10 Flowers That Define Holy City Gardens
(Left) Azaleas bloom with abandon along the paths of Hampton Park. The City of Charleston launched the Azalea Festival in 1934, aiming to grow tourism and compete with New Orleans’ Mardis Gras. Amid parades, sports tournaments, air shows, and more, the headlining events were the Azalea Queen pageant—featuring competitors from across the state—and the Coronation Ball. (Right) With a little help from the roaming peacocks, hundreds of varieties of azaleas—including more than a dozen once thought to be extinct—turn Magnolia Plantation and Gardens Technicolor each spring.
Long before the first gardener sunk a shovel into Lowcountry earth, an extraordinary array of indigenous plants thrived, nurtured by the subtropical environment. Thus, an impressive stage was set for early, wealthy colonists, who in the 1700s began creating grand European-style gardens, built and tended by the people they enslaved. In the same century, several of the world’s finest naturalists moored in the port city, establishing vast experimental gardens, introducing plants from around the globe, and influentially networking with locals.
Over the years, Charlestonians dug in, cultivating ornamental gardens in even the smallest walled courtyards and prioritizing parklands. Landscape architect Loutrel Briggs arrived during the mid-1900s Charleston Renaissance and helped fortify the city’s canon of traditional plants—one that’s been carried into the 21st century with help from enduring groups like the Garden Club of Charleston. Here, we highlighted 10 quintessential local blooms, with peeks into each one’s history and essential info for growing them today.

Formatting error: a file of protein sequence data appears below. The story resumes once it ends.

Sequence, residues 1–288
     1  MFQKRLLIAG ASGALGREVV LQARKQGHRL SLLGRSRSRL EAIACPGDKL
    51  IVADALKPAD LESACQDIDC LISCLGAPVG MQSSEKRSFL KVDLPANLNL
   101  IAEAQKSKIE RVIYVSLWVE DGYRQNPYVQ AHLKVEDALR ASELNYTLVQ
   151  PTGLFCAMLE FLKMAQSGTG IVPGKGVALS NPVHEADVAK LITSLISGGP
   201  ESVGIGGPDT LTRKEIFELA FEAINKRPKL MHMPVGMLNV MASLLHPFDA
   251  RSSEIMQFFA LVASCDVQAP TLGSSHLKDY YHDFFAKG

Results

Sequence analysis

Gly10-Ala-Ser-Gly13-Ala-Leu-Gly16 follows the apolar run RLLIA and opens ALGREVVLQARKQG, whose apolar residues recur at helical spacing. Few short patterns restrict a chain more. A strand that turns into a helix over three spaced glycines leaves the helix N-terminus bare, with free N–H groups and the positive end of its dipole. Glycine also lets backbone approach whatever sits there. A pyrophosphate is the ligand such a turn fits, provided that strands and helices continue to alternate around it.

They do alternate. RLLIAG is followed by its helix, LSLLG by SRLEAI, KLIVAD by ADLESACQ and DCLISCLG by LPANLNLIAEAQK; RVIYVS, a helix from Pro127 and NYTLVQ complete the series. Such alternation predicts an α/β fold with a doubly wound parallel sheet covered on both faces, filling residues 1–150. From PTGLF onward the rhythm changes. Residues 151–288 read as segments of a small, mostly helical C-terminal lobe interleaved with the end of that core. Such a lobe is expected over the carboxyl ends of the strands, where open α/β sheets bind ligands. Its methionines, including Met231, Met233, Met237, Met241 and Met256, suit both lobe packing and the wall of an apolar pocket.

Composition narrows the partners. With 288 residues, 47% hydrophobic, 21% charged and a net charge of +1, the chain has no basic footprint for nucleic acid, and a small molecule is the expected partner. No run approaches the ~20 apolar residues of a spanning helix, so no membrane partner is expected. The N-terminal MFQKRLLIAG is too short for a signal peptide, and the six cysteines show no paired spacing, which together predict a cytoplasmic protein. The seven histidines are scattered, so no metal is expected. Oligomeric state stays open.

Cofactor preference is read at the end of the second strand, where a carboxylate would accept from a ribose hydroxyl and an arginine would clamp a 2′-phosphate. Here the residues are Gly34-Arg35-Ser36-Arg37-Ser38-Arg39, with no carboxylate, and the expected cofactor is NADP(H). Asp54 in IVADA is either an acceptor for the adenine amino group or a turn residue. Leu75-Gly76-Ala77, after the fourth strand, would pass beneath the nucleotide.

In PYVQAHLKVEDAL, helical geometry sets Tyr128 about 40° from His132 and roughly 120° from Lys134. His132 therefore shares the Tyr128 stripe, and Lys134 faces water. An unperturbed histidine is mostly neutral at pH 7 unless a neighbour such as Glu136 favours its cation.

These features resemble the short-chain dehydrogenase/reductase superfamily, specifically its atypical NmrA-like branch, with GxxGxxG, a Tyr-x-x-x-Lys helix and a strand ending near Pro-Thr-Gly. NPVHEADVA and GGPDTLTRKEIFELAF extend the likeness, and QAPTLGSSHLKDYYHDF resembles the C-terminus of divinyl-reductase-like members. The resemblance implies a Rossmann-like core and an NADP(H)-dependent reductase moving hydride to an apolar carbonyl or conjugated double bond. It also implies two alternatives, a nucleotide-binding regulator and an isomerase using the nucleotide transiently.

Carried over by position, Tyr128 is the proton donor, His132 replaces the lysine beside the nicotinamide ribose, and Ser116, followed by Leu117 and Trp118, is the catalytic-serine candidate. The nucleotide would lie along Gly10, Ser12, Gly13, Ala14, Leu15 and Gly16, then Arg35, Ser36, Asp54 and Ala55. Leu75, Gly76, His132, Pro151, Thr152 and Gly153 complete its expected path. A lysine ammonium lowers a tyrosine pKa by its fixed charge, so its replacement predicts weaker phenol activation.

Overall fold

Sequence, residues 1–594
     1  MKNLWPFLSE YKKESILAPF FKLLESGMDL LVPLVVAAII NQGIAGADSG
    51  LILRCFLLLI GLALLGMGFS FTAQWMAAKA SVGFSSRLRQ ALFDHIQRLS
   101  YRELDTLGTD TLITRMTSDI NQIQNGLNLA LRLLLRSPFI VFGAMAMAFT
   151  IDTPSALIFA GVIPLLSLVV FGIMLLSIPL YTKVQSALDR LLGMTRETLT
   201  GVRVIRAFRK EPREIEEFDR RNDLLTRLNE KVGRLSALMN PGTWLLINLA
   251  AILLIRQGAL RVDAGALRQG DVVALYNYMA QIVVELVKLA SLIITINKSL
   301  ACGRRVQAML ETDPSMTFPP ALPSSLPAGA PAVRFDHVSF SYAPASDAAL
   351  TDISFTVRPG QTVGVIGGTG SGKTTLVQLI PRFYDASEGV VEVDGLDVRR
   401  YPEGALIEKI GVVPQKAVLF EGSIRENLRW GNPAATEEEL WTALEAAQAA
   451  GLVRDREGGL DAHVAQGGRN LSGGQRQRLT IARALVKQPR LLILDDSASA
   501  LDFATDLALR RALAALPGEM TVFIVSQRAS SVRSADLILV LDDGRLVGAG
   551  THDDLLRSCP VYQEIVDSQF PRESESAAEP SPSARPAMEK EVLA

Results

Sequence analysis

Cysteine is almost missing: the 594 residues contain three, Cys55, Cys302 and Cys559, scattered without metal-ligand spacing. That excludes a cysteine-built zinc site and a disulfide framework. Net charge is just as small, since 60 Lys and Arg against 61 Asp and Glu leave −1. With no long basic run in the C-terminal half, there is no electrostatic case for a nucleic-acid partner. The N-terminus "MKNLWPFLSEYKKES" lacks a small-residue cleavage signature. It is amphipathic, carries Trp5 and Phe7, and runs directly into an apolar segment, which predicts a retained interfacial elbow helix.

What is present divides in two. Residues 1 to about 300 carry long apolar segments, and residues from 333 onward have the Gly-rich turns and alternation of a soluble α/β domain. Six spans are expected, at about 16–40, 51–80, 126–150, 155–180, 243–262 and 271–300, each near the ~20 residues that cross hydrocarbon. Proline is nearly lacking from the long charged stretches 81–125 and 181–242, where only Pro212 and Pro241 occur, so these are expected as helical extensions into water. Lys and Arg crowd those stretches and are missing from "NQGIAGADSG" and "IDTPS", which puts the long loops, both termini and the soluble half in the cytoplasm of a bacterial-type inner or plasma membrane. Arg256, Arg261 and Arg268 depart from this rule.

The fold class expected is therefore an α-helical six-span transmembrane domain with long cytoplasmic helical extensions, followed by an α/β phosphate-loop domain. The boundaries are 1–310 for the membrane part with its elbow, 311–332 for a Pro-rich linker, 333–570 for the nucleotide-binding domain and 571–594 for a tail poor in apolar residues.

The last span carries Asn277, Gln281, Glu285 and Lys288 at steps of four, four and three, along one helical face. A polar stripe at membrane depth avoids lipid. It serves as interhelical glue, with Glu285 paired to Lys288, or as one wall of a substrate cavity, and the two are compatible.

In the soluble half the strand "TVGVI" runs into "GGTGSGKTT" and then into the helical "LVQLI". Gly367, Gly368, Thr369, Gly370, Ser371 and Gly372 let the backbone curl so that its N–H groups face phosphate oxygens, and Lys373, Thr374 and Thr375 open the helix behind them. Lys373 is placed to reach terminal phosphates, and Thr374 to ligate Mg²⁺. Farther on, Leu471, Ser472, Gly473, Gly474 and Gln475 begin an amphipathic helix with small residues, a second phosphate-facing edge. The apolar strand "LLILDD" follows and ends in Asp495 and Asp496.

Azalea (Azalea Indica)
As a self-prescribed cure for his own tuberculosis and for his Philadelphia-raised bride’s homesickness, Rev. John Grimké Drayton set out in the 1840s to enhance the gardens of his Magnolia Plantation home. He was inspired by the British movement toward informal “romantic gardens,” and azaleas were an early obsession; Drayton may have even introduced them to America.
The spring bloomers were a star attraction when the Draytons—facing financial ruin after the Civil War and the emancipation of their enslaved workforce—opened their gardens to the public in 1870.
Three decades later, a Lady Baltimore Magazine writer opined, “I have seen gardens, many gardens in England, France, and Italy.... But no horticulture that I have seen devised by Mortal man approaches the unearthly enchantment of the azaleas at Magnolia gardens.” Today, the site boasts the oldest collection of indica azaleas in the country.
Planted prolifically around homes and public spaces, the shrub was celebrated in Charleston’s weeklong Azalea Festival from 1934 to 1953. Summerville revived the tradition in 1972, centering the springtime Flowertown Festival around Azalea Park. This year, the enormously popular event has been postponed until October.
Hardiness zones: 5 to 9
Height: 2 to 6 feet, though some can grow much taller
Blooms: March and April
Conditions: Filtered sun; lightly acidic, loose, moist soil
(Left) This hand-colored copperplate engraving—created by George Barclay from an illustration by Sarah Drake—appeared in an 1846 edition of Edwards’ Botanical Registe; (right) Homeowners often plant gardenias near piazzas, doors, and windows for utmost enjoyment of their alluring scent; (inset) Carl Linnaeus.
Gardenia (Gardenia jasminoides)
With a sweet scent masterful at conjuring summer memories, this treasured Southern blossom immortalizes a notable Charleston resident—but the reason may surprise you.
Raised in Scotland, Dr. Alexander Garden studied medicine as well as botany before accepting a job in the Holy City in 1752. Here, he began growing his medical practice, but also his knowledge and connections within the international botanical world.
He’d ultimately ship more specimens to Swedish naturalist Carl Linnaeus—who developed the binomial nomenclature system for classifying organisms—than anyone else in North America. Yet most of these were fish (some 41 species), lizards, and snakes.